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Residents to have say on airport authority at hearing
Pettit says he expects a large crowd
Lee Arthurs, left, and Steve de Lyra were among a group of about 50 residents at a breakfast Saturday to question state Rep. Amos Amerson in his role in creating an airport authority. - photo by Michele Hester

One might say Pepper Pettit is unhappy with the city of Dawsonville's plan to form an airport authority.

"If you had gathered together everybody in the city and said we're going to do this the worst possible way, you couldn't have done a better job," Pettit said.

Tonight, Pettit and other county residents will get a chance to voice their opinions on the city's proposed airport authority.

City officials have said they hope during the meeting to clarify their reasons for attempting to create the entity and "educate the public" about their plans.

Those plans could include acquiring and operating the Elliott family's airstrip in northern Dawson County, said City Attorney Dana Miles.

Miles noted that, while "no public hearing is required, the city is voluntarily holding one (tonight) in order to get the facts out, clear up any misunderstandings and give the public another opportunity to voice their support, opposition or concerns to the city."

The public hearing comes on the heels of a March 14 statement from House Speaker David Ralston that chided the city.

In a later interview, Ralston cautioned that an authority is powerful.

"I think that before you create an entity, it's incumbent on the city to lay out what their plans are and address the concerns of its residents," he said.

Miles said there are three steps required to create an airport authority, two of which the city has fulfilled.

"The authority requires a vote of the City Council (held Feb. 16), notice of intent to introduce local legislation, which was subsequently published (Feb. 23 in the Dawson Community News) and passage of the local legislation," he said.

On March 8, House Bill 453 passed the House of Representatives in a 146-1 vote. It awaits Senate approval.

State Sen. Steve Gooch, whose district includes Dawson County, said the legislation should be put on hold.

"We need to take a timeout and give everybody a chance to catch their breath," Gooch said.

Dawson County resident Ellen Harrison agreed.

"I don't recall hearing or reading anything about the first governmental meetings or discussions about the Elliotts' airstrip becoming a public airfield, nor do I recall hearing or reading anything about the legislation to implement the authority until after the fact," Harrison said.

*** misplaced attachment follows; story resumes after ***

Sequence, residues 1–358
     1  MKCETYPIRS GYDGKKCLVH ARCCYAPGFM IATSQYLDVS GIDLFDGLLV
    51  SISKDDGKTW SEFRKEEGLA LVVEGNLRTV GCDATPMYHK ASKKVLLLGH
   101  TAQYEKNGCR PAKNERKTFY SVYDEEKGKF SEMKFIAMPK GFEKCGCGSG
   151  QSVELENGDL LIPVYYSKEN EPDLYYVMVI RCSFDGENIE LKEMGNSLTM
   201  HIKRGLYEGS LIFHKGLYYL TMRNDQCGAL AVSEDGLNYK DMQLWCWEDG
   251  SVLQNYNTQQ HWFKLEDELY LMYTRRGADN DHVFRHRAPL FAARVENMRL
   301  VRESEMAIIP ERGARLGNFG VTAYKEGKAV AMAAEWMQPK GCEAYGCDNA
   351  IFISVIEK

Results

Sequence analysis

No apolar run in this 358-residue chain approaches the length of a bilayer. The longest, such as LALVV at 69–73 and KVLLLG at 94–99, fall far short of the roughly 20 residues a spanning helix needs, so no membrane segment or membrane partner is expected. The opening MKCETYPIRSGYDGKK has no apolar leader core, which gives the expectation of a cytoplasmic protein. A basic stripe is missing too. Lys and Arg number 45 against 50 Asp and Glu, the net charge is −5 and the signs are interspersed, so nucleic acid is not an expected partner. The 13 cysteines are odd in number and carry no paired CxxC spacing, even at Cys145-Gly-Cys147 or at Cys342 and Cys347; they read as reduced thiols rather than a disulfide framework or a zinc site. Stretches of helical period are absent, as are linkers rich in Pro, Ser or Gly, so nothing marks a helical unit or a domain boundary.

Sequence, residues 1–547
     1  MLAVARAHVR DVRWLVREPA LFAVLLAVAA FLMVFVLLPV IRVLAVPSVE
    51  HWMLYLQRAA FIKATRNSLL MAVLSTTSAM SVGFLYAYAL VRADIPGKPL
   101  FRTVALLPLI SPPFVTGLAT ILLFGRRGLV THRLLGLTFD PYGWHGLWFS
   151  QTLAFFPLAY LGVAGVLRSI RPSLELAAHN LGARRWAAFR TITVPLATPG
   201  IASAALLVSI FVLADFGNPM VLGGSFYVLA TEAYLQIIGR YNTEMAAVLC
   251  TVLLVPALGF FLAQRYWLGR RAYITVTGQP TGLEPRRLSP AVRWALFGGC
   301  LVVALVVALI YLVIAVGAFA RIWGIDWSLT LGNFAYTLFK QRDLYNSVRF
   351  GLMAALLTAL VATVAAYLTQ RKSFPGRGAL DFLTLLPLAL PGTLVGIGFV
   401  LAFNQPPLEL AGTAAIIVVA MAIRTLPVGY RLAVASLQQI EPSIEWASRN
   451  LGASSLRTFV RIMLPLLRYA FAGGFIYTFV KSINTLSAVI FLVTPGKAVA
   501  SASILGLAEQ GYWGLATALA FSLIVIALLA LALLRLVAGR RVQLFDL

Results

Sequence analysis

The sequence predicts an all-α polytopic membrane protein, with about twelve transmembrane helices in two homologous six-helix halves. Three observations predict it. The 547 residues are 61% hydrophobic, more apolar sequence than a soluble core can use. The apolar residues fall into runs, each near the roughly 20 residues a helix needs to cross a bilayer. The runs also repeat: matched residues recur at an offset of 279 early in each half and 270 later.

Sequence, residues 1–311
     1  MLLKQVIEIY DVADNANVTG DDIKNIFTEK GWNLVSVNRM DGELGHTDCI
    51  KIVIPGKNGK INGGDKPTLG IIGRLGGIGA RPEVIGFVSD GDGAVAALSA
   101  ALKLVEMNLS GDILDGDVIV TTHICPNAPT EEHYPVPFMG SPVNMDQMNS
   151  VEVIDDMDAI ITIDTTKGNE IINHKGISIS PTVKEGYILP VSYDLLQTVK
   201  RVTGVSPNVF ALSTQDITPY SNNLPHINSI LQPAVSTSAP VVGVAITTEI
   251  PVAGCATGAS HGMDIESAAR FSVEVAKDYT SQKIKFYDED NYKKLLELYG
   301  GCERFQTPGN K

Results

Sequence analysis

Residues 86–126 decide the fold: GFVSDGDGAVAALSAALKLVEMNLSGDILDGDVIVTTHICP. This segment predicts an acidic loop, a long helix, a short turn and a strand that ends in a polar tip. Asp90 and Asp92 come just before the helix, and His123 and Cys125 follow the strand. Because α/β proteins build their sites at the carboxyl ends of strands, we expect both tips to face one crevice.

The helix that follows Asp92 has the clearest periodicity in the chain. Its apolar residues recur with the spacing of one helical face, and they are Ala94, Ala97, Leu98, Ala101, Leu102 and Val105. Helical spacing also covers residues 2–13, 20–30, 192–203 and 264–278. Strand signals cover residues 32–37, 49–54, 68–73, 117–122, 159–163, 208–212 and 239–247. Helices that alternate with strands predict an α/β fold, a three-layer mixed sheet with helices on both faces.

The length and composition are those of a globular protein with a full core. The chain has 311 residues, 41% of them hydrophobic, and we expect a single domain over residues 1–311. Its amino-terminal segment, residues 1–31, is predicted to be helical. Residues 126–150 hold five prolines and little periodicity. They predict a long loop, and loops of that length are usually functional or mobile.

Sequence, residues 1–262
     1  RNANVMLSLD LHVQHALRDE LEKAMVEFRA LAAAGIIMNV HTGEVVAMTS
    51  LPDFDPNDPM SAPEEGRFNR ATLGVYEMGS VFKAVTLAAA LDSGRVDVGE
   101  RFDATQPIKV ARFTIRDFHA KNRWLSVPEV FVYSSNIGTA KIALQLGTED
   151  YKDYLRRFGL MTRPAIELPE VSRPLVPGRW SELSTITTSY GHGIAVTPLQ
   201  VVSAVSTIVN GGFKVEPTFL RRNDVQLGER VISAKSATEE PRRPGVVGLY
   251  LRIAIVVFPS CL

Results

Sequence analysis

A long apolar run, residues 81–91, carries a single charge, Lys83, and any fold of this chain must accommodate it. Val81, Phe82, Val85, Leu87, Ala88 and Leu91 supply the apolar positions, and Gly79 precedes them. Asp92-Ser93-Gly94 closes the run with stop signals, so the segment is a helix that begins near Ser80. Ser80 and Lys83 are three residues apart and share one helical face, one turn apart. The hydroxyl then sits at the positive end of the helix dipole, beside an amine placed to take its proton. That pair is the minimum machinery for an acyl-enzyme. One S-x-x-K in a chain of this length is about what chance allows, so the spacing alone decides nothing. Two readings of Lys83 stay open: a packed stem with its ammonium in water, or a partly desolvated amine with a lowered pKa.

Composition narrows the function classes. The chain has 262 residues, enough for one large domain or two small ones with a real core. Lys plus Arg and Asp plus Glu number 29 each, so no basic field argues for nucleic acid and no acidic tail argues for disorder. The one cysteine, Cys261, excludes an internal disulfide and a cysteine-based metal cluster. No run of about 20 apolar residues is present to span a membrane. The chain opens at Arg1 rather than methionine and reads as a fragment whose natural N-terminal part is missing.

A "public notice of called meeting" was published in the Feb. 16 edition of the Dawson Community News. The meeting was held at 5 p.m. that day in city hall.

The legal notice that ran in the newspaper stated the city council planned to meet in order to "convene a called meeting with an executive session." The purpose of the meeting, it stated, was "real estate acquisition."

According to state law, an executive or closed session may be used to discuss personnel matters, pending litigation and land acquisition.

The first 45 minutes of the Feb. 16 meeting were held in executive session, while the final 10 minutes were held in open session.

"Both of the agenda items had to do with real estate acquisition," Miles said. "One related to acquiring a downtown parking area and one related to acquiring an existing airport.

"As to the latter, the best means for the city to use to accomplish that purpose would be to create an airport authority."

Other than city officials, a reporter from the Dawson Community News was the only person at the Feb. 16 meeting.

The notice of intent to introduce local legislation was published in the paper on Feb. 23.

Pettit spoke at a Saturday breakfast gathering organized by Rep. Amos Amerson, who introduced the legislation that would allow the city to create an airport authority.

Amerson fielded questions from local residents angered by his involvement in the matter, saying he would introduce the legislation unless he "got lots of heartburn" from voters.

"The hearing is your opportunity to speak. I hope you use your voices," he told the crowd of some several dozen.

Pettit said he expects a large crowd at the public hearing.

Times regional writer Michele Hester contributed to this report